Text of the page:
The refusal to talk about death and dying is not healthy for your marriage relationship.
Don't WaitDeath needs to be talked about. Memorial Day is an excellent time to begin this conversation if you haven't already communicated your thoughts and feelings about death with each other.
You don't have to wait until Memorial Day to visit the dead. An outing in a cemetery can be a pleasant, emotionally satisfying, educational, and healing experience.
Walking through an old cemetery in New England, and again in San Francisco, I felt a very deep connection to the sisterhood of women who had lost babies. There were so many little graves, with special words inscribed on their markers. I knew I wasn't alone.
Talk About Death and Celebrate "Now" in Your LivesThere are a lot of resources to help you deal with a loss -- whether it be the death of a spouse, of a child, of a parent, or of a dream. Loss isn't easy.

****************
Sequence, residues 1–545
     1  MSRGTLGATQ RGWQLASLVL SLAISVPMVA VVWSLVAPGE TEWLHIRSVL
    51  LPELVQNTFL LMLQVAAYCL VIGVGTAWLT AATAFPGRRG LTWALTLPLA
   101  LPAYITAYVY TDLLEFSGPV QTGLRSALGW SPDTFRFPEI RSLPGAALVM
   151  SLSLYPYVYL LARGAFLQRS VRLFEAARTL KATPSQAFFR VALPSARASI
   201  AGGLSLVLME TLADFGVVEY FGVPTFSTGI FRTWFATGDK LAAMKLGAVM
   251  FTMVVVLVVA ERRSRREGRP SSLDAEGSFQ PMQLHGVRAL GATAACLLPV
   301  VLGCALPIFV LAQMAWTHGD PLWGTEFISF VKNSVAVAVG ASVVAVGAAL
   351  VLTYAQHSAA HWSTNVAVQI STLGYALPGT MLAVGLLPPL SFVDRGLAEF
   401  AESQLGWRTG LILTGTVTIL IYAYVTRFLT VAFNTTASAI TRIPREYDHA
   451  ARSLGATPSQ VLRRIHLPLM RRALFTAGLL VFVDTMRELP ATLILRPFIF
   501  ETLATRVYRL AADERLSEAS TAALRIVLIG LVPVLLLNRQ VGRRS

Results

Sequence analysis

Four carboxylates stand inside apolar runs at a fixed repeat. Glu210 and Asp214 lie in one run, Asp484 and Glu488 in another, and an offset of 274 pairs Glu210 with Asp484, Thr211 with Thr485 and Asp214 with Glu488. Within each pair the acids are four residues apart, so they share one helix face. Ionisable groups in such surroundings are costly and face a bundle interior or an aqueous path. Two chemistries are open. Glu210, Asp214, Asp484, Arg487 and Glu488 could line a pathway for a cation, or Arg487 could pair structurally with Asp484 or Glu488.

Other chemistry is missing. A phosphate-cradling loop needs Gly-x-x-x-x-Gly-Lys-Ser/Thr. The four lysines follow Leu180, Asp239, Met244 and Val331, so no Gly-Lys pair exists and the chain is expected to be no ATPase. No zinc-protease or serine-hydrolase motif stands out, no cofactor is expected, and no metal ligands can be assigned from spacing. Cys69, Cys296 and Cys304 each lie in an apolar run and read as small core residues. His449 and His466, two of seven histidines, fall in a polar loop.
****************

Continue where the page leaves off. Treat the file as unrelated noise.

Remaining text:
However, talking about death helps you appreciate life. These discussions can challenge you to celebrate "now".
Memorial Day Activities:
- Visit a cemetery together. You don't have to know anyone there. Just go. Cemeteries are not creepy, spooky places. They are very beautiful, quiet, peaceful serene locales with beautiful trees, flowers, birds, and sometimes little critters like bunnies hopping about.
- Check out the gravestones. Lovely, memorable thoughts are inscribed on many grave markers. These are small biographies, stories of a life lived, of a person who was loved and valued.
- If you find a headstone that particularly tugs at your heartstrings, that would be a gentle reminder to love one another a little more completely.
- Some couples find that taking a rubbing from a grave marker can be a subtle reminder to one another of their value to each other.
- To take a rubbing to frame and hang in your home, tape a piece of paper over the meaningful message and rub a crayon against the gravestone. The design will appear on your paper.
- Plant a tree or a rose.
- Sow some wildflowers.
- Visit a nursing home.
- Look at old family pictures or videotapes. Share funny stories and memories of someone who has died. Celebrate the gift they were to you.